What Russia’s invasion of Ukraine has done is put a definitive timeline – five years – on Tokyo’s plan of strengthening deterrence and response capabilities as Kishida’s narrative is “Ukraine today may be East Asia tomorrow.” But the challenge will be pursuing it within the parameters of Japan’s pacifist constitution. Nevertheless, the message is resonating with the Japanese public, since opinion polls show resounding support toward preparation for a Taiwan contingency. The core of Japan’s policy of external and internal balancing with the Japan-U.S. alliance at the core, and building a web of cooperation with Quad, ASEAN, and Europe remains intact. Going forward, Japan will step up its cooperation with NATO as well as the Pacific Islands as new frontiers of great power competition heats up.

The third pillar holds major significance as it is about doubling down with a sense of urgency, especially after Russia’s invasion of Ukraine, to realize a world without nuclear weapons. This is a close personal agenda of Kishida, who hails from the electoral district of Hiroshima. Northeast Asia hosts several nuclear power states. Kishida’s call encouraging both Washington and Beijing to engage in nuclear disarmament and arms control dialogue is noteworthy. His intention to become the first Japanese prime minister to participate in the NPT Review Conference demonstrates his seriousness. However, Japan’s debate and decision not to join the Treaty on the Prohibition of Nuclear Weapons highlights the complexities of the issue.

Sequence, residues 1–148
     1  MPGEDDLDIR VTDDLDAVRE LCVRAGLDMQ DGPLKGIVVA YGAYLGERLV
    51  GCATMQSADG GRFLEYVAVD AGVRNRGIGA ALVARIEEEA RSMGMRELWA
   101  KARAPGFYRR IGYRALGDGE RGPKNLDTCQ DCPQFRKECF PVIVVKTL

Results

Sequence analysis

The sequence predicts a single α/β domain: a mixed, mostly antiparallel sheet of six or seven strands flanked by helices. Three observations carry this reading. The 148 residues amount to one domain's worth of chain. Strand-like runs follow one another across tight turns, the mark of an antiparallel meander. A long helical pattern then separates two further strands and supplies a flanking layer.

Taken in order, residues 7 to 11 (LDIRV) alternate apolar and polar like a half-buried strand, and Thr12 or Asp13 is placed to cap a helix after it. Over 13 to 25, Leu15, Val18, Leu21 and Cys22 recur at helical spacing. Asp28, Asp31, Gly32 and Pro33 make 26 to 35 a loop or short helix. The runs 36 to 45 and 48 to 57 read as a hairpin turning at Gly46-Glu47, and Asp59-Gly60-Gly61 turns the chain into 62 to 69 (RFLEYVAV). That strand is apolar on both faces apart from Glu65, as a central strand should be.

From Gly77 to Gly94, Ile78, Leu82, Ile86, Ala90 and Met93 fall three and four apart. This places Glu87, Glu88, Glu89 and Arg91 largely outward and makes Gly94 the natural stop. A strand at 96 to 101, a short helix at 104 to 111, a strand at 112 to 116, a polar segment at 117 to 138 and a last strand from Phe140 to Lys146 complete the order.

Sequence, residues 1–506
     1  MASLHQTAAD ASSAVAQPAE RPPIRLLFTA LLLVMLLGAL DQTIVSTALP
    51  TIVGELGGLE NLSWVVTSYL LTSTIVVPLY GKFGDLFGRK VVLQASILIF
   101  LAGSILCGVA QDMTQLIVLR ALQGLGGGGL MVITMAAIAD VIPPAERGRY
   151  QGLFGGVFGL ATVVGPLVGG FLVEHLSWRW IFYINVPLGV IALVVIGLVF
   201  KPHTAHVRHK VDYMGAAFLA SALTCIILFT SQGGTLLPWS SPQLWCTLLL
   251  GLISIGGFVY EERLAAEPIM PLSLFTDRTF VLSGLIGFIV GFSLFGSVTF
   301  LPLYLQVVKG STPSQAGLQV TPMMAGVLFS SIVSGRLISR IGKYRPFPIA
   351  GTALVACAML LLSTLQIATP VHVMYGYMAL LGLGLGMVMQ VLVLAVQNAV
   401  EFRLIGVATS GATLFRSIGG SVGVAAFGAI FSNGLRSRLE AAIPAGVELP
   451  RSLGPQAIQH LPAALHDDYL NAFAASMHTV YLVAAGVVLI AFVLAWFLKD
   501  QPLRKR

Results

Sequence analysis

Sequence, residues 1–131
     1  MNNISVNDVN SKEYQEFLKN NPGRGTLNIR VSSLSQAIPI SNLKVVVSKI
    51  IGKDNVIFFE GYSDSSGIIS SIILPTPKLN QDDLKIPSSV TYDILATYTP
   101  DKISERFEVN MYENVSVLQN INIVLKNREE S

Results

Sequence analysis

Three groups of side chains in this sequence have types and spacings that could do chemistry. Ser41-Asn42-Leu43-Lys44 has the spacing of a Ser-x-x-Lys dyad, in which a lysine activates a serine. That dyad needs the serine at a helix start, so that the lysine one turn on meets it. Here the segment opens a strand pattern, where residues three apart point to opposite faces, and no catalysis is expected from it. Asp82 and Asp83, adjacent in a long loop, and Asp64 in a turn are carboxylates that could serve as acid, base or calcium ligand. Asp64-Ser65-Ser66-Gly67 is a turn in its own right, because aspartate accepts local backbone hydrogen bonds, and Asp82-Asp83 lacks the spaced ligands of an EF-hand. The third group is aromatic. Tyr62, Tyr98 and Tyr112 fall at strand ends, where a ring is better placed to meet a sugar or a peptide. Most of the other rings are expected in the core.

The fourth pillar pushes U.N. reforms. Japan will be joining the U.N. Security Council as a non-permanent member in 2023, which will allow it space at the high table. Reforming the U.N. has been a priority project of successive governments. Despite Japan’s significant financial contribution, its reform push has seen little success. With China and Russia holding permanent U.N. Security Council seats, it will be rough ride.